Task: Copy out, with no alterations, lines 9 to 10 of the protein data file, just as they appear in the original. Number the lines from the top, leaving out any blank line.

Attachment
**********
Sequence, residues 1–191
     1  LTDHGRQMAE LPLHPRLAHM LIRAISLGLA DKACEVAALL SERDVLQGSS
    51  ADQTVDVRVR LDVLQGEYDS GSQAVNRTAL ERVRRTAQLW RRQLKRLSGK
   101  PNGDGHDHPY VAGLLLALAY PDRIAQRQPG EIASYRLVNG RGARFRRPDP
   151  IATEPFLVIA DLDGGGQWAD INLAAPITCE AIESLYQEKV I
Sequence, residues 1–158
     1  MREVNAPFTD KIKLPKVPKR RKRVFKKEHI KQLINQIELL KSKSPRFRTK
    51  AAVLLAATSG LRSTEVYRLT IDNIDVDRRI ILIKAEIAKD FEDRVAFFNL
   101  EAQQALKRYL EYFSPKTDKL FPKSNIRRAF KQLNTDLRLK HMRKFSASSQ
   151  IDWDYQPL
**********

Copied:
   101  EAQQALKRYL EYFSPKTDKL FPKSNIRRAF KQLNTDLRLK HMRKFSASSQ
   151  IDWDYQPL